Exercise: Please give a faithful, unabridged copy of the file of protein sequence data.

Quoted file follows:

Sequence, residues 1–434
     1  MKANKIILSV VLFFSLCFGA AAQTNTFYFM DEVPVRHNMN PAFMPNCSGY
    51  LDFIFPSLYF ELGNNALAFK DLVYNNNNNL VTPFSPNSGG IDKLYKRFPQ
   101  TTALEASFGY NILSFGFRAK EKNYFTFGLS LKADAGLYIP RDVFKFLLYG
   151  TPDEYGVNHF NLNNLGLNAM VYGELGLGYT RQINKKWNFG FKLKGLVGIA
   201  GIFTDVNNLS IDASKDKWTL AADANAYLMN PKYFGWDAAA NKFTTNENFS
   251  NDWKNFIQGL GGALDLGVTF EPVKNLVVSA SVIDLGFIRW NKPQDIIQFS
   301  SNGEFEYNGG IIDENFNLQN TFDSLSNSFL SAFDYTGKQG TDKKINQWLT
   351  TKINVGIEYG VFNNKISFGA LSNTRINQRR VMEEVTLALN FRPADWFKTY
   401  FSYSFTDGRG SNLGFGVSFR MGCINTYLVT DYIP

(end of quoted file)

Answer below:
Sequence, residues 1–434
     1  MKANKIILSV VLFFSLCFGA AAQTNTFYFM DEVPVRHNMN PAFMPNCSGY
    51  LDFIFPSLYF ELGNNALAFK DLVYNNNNNL VTPFSPNSGG IDKLYKRFPQ
   101  TTALEASFGY NILSFGFRAK EKNYFTFGLS LKADAGLYIP RDVFKFLLYG
   151  TPDEYGVNHF NLNNLGLNAM VYGELGLGYT RQINKKWNFG FKLKGLVGIA
   201  GIFTDVNNLS IDASKDKWTL AADANAYLMN PKYFGWDAAA NKFTTNENFS
   251  NDWKNFIQGL GGALDLGVTF EPVKNLVVSA SVIDLGFIRW NKPQDIIQFS
   301  SNGEFEYNGG IIDENFNLQN TFDSLSNSFL SAFDYTGKQG TDKKINQWLT
   351  TKINVGIEYG VFNNKISFGA LSNTRINQRR VMEEVTLALN FRPADWFKTY
   401  FSYSFTDGRG SNLGFGVSFR MGCINTYLVT DYIP